Rosecrans: "Dodgers. In any bidding war, you have to favor those with the deepest pockets. Add to that the excitement of the Dodgers' ownership group over its shiny new toy, and you better believe they're going to go full-bore after the top free agents. The outfield is already full, so don't expect them to go after Hamilton -- meaning Greinke will be the team's top target. For Greinke, what's the difference between the Angels and Dodgers? Money. And at this point, it's difficult to see anyone outbidding the Dodgers."
Perry: "Angels. By trading away Ervin Santana and attempting to deal Dan Haren [and subsequently buying out his option year], the Angels seem to be making room in the budget [and in the rotation] for Greinke on a long-term basis. I'm guessing they get what they want."
Heyman: "Nationals. Washington has been trying to get Bourn for years, and now he's finally free, giving them their best chance. Bryce Harper did fine in center field, but an outfield trio of Bourn flanked by Harper and Jayson Werth is undoubtedly a dream of Nats GM Mike Rizzo, who loves defense. He could move Michael Morse to first base to replace Adam LaRoche. Or if he can sign LaRoche as he hopes, he can trade Morse. Bourn's old Phillies team is interested, but the smart money says Rizzo is more likely to make a deal with Bourn's agent, Scott Boras, based on their close relationship going back to when Rizzo was a top scout in Arizona."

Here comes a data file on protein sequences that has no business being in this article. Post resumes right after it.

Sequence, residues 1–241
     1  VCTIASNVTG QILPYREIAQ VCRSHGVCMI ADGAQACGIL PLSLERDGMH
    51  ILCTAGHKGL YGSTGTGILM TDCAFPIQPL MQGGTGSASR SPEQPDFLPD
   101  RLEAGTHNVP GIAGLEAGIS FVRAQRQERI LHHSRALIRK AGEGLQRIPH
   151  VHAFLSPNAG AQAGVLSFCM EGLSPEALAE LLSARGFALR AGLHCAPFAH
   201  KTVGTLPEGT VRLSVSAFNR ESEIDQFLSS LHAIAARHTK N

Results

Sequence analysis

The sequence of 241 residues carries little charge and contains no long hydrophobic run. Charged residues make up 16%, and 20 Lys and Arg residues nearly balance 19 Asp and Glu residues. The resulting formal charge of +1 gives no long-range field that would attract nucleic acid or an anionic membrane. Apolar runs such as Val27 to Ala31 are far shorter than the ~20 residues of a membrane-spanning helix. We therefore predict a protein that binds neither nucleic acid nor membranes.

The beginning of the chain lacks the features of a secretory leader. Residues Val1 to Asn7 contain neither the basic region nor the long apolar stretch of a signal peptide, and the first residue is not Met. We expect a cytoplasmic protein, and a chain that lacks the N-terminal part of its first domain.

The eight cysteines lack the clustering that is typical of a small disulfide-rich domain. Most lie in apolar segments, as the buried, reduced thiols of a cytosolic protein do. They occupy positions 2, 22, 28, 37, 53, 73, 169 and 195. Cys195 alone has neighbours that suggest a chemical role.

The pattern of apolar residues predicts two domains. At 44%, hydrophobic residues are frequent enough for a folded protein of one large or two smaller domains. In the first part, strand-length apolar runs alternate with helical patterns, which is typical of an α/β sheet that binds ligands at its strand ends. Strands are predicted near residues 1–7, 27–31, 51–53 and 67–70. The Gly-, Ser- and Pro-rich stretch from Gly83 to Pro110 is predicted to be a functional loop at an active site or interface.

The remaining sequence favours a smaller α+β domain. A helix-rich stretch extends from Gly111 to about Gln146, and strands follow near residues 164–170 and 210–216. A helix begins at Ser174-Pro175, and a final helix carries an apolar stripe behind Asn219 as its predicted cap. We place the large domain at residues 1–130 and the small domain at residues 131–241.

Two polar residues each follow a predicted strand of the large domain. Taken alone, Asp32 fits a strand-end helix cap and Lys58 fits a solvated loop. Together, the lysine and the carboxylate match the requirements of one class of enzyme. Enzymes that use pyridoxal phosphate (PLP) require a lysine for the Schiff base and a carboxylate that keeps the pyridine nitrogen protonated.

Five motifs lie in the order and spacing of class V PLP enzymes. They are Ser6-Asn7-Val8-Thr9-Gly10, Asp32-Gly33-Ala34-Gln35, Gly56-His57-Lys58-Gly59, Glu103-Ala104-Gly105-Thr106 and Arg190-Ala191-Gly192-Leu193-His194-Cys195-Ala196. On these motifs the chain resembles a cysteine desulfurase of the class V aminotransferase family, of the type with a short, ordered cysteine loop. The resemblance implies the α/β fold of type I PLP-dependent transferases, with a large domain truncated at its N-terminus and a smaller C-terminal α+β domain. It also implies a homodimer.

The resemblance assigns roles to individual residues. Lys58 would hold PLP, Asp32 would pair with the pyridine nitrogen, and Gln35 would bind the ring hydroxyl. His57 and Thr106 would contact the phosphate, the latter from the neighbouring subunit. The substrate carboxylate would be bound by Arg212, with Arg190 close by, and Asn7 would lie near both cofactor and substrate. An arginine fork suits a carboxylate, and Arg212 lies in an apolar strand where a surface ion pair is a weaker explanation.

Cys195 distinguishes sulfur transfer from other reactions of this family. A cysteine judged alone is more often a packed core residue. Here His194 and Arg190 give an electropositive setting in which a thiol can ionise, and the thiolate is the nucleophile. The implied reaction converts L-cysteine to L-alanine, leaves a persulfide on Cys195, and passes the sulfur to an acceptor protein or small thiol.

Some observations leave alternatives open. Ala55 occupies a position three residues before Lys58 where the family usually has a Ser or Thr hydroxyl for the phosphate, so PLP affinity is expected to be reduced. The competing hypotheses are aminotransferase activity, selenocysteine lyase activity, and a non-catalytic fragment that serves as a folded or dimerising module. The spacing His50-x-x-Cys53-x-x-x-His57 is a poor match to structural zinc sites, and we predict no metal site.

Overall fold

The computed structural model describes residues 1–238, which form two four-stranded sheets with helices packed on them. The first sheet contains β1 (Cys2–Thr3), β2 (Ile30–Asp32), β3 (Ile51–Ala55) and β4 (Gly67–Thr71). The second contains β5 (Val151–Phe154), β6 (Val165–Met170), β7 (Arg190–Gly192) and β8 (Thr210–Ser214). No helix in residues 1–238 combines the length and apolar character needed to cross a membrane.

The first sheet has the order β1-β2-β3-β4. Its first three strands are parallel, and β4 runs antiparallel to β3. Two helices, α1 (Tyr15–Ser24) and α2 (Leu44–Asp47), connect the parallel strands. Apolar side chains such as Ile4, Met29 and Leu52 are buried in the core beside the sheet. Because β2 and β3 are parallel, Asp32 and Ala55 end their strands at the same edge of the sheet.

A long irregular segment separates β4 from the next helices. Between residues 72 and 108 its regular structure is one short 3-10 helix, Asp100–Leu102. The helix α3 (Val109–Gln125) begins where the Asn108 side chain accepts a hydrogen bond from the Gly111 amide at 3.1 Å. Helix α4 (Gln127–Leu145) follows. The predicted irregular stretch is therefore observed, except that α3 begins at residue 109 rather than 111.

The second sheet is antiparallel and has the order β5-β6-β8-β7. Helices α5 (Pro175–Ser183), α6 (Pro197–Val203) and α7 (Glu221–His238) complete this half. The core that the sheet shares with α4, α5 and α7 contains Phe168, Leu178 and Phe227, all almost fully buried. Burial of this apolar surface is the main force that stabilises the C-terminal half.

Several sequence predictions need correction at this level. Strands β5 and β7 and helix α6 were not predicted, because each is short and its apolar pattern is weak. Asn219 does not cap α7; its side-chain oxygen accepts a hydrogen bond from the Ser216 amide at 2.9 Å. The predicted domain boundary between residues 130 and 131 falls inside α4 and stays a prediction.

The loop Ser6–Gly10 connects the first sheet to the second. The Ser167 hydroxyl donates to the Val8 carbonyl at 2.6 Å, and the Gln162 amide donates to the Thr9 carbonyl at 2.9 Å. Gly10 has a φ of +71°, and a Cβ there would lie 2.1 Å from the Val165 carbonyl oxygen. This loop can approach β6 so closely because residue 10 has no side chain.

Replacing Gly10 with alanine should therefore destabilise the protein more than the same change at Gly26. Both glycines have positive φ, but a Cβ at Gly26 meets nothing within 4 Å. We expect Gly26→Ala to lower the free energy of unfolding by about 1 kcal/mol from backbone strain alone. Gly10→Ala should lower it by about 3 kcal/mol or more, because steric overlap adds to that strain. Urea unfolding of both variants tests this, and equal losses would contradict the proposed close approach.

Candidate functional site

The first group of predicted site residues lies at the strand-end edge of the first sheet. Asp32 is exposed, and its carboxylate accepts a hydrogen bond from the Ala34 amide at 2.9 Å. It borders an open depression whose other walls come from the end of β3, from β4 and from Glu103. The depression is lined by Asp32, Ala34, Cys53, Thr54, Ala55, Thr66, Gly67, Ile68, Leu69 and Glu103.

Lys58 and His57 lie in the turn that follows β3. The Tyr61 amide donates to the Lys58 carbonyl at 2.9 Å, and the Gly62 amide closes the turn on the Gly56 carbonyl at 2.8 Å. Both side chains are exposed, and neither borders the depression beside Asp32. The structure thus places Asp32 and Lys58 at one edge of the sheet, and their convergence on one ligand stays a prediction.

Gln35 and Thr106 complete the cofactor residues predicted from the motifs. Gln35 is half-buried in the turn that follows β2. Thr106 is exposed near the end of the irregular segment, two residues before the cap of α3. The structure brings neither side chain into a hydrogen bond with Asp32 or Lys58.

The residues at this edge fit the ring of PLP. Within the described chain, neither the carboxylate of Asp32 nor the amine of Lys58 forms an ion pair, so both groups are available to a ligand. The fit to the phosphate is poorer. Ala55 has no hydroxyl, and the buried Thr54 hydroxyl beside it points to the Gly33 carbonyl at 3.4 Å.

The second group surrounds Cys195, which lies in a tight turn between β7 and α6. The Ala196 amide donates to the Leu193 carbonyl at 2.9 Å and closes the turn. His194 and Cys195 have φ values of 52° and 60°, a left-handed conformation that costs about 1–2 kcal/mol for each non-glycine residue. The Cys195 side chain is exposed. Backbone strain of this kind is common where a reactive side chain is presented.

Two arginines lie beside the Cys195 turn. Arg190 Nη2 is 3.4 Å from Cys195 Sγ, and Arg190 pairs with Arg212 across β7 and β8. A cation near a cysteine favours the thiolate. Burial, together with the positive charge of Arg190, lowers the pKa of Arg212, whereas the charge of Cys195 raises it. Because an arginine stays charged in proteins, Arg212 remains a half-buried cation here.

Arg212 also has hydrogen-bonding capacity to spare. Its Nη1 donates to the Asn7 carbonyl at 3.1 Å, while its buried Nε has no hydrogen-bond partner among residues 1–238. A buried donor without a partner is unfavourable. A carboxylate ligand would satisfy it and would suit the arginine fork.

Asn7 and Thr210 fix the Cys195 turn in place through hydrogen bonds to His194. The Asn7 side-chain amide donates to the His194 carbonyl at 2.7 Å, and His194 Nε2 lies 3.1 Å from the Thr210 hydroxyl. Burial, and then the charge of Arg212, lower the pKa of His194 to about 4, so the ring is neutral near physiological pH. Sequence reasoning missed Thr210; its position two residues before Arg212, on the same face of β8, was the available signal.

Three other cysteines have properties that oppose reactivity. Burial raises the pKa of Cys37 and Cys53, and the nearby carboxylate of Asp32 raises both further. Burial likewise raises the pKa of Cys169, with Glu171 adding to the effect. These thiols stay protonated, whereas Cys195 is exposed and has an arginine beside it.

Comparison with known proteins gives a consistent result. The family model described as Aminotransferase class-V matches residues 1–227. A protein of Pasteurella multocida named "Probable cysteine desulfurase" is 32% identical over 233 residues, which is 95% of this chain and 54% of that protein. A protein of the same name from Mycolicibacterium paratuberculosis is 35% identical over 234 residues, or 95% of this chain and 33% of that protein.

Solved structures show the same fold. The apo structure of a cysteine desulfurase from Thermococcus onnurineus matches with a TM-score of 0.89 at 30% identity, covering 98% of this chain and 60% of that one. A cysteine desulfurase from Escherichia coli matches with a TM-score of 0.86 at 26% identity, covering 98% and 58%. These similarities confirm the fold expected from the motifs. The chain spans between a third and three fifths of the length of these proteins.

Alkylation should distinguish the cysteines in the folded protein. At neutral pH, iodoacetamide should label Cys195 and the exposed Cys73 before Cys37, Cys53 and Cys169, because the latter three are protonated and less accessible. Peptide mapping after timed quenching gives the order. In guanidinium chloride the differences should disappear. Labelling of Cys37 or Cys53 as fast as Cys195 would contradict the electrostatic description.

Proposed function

Knobler: "Phillies. The Nationals have long been the chalk in the Bourn derby, and they still could end up with him. But there are also strong voices in the organization who would like to see Bryce Harper stay in center field. The Phillies have the greater need right now."
Miller: "Braves. Atlanta would love to have him back and really can use him, especially with Chipper Jones now a retiree. As a free agent, Bourn will get lots of play -- the Phillies are very interested, and he could fit several other places too [San Francisco, Seattle, etc.]. It's said he'll be asking for $100 million, which will limit the pool initially. Hard to see where this one goes."